The Zachman framework
In 1987, John Zachman created a model to help documenting enterprise architectures. The Zachman model is a classic under the architecture models, and one of the first ones. A picture of the model is shown below.
Figure: Zachman framework
The model has six basic questions (columns) which must be answered by each of six viewpoints (rows) in order to describe an architecture. The basic questions are: What, How, Where, Who, When, and Why, and the viewpoints are:
- Scope (as seen from a planner)
- Business model (as seen from a business owner)
- System model (as seen from a designer)
- Technology model (as seen from an implementer)
- Detailed Representation (as seen from a subcontractor)
- Functional areas (as seen from the functioning system)
This leads to a matrix with 36 cells. When the cells are filled an overview of the complete enterprise architecture is created. In the cells the document is stated. For instance, the “What” of a Technology model (as seen from the implementer of the system) is a document describing the physical data model.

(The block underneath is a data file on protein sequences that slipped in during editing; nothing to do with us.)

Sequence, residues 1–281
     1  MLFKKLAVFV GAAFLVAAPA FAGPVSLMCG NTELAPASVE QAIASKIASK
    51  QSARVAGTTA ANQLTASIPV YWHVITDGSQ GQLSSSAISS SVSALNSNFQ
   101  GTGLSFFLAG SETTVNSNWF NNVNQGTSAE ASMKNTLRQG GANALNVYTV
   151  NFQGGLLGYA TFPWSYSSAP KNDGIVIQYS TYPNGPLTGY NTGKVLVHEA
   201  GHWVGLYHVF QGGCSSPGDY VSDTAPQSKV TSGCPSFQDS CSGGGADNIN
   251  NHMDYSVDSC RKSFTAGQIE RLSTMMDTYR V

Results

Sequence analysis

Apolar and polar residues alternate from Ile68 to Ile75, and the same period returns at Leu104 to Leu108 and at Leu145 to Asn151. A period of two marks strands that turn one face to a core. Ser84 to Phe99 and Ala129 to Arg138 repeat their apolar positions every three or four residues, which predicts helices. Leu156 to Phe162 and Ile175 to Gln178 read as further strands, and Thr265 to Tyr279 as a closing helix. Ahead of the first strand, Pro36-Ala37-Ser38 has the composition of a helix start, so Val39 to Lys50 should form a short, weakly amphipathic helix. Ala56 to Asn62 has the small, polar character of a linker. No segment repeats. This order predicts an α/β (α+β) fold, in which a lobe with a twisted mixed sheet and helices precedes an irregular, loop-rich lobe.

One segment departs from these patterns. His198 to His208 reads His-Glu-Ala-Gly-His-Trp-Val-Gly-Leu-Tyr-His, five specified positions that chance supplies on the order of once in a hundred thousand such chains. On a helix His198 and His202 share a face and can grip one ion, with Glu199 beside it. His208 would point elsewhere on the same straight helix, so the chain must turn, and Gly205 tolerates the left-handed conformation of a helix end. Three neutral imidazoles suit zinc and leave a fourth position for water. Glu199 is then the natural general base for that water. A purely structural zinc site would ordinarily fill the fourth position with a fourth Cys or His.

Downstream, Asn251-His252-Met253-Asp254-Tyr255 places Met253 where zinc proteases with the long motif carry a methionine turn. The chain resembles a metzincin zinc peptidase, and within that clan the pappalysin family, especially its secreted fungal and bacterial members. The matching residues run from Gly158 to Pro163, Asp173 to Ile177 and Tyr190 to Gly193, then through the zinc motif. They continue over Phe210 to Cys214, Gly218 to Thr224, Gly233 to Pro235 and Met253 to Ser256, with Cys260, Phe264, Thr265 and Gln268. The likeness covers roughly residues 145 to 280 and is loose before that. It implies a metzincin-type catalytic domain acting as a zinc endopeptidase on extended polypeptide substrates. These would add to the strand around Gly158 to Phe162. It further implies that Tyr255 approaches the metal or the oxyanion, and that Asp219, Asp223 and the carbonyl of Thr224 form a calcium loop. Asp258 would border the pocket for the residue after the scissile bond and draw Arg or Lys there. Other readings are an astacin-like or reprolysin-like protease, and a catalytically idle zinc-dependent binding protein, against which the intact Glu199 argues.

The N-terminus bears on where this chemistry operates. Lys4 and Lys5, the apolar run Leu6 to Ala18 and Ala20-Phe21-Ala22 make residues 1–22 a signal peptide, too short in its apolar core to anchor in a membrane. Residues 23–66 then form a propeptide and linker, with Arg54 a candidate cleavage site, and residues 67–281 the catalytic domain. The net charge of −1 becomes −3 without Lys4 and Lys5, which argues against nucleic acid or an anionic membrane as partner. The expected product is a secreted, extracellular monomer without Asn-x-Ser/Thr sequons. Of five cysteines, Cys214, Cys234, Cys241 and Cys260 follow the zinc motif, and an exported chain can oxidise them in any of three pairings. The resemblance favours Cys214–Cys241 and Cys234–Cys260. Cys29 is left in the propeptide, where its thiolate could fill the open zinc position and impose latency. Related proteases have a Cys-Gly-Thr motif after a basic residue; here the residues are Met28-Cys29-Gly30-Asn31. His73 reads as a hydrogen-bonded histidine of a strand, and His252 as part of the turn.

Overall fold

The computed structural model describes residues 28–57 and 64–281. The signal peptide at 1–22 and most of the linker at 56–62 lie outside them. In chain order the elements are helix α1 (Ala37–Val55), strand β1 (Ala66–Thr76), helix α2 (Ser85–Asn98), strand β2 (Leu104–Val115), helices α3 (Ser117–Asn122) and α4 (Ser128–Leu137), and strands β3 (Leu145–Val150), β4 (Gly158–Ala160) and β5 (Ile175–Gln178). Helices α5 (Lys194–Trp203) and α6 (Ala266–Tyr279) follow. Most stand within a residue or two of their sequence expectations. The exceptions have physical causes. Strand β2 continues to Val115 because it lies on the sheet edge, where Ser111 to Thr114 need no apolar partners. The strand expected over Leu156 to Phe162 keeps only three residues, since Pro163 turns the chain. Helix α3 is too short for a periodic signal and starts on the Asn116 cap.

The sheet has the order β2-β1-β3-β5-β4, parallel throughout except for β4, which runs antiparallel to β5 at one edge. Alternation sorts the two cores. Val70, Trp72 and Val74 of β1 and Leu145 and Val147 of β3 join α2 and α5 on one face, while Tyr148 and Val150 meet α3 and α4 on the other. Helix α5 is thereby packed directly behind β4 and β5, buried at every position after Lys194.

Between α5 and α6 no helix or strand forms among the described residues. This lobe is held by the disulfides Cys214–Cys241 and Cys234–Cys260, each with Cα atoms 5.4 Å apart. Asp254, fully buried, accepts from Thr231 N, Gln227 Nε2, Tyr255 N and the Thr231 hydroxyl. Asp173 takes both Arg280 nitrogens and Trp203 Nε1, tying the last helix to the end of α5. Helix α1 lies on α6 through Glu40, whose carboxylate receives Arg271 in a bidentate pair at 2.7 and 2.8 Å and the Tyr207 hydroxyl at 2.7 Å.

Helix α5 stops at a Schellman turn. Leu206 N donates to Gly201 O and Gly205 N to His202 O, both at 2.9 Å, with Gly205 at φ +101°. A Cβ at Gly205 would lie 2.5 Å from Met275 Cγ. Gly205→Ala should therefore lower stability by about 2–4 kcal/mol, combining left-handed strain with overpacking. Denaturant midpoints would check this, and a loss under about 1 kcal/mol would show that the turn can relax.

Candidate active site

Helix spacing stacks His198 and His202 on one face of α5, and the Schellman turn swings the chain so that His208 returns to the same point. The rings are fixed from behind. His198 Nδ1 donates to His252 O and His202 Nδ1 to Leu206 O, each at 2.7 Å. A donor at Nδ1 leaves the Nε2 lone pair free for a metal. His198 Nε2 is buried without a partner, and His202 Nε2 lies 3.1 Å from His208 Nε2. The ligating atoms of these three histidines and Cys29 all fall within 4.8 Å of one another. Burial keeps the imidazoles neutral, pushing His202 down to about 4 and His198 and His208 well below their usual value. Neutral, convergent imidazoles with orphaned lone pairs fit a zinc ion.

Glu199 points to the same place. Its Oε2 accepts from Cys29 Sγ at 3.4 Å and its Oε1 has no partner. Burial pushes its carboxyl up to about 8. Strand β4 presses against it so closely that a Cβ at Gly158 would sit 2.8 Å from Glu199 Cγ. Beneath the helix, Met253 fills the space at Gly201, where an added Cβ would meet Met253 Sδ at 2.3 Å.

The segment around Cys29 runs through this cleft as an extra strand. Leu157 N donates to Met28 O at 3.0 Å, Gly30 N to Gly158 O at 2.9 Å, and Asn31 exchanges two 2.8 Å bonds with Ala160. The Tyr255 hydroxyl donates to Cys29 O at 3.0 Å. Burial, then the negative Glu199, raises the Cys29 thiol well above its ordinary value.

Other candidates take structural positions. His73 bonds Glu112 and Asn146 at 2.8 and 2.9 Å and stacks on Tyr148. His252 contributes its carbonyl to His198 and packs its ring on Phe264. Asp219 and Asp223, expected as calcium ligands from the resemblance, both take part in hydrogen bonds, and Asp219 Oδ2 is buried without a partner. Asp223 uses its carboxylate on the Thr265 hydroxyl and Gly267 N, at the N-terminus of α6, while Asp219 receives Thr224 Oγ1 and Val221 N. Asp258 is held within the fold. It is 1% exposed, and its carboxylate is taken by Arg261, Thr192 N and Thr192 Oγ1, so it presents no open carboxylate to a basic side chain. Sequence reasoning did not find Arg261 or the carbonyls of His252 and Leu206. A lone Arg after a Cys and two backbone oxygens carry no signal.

The big advantage of the model is that it is well known by most architects. It creates a common vocabulary amongst architects and it organizes architecture descriptions quite well.
A drawback of the model is that it can lead to creating a large number op documents, when everything is described in full detail. Furthermore, the model is primarily meant for architects; it is not very suited for end users, developers, or management. It is basically a framework for architects only.
Infrastructure architects could use the Zachman framework to create documents to describe the infrastructure. The relevant fields for infrastructure architecture are grayed in the picture below.
Figure: Relevant fields for infrastructure architecture
Zachman describes no method for filling in the framework. TOGAF has an Architecture Development Method (ADM) that can be used for this.
The Zachman model was created when John Zachman worked for IBM (he is retired now), and IBM has put the framework in the public domain. Therefore no license is needed for using the Zachman framework.
26 Jan 2015 Added: Here is an interesting interview with John Zachman about the origins of his model.
This entry was posted on Friday 24 May 2013